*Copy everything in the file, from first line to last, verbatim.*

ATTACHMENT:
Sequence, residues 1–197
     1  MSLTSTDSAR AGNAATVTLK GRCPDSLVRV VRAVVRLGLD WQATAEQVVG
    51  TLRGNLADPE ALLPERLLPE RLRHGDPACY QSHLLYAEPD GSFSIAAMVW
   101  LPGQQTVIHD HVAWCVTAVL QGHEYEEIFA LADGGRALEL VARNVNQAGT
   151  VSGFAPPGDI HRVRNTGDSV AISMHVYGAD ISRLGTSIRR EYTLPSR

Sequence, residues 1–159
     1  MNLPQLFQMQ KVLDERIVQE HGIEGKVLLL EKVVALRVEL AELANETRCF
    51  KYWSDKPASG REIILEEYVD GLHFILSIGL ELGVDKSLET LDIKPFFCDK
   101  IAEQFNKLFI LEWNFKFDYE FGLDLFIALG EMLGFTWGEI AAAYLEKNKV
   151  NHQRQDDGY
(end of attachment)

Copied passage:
Sequence, residues 1–197
     1  MSLTSTDSAR AGNAATVTLK GRCPDSLVRV VRAVVRLGLD WQATAEQVVG
    51  TLRGNLADPE ALLPERLLPE RLRHGDPACY QSHLLYAEPD GSFSIAAMVW
   101  LPGQQTVIHD HVAWCVTAVL QGHEYEEIFA LADGGRALEL VARNVNQAGT
   151  VSGFAPPGDI HRVRNTGDSV AISMHVYGAD ISRLGTSIRR EYTLPSR

Sequence, residues 1–159
     1  MNLPQLFQMQ KVLDERIVQE HGIEGKVLLL EKVVALRVEL AELANETRCF
    51  KYWSDKPASG REIILEEYVD GLHFILSIGL ELGVDKSLET LDIKPFFCDK
   101  IAEQFNKLFI LEWNFKFDYE FGLDLFIALG EMLGFTWGEI AAAYLEKNKV
   151  NHQRQDDGY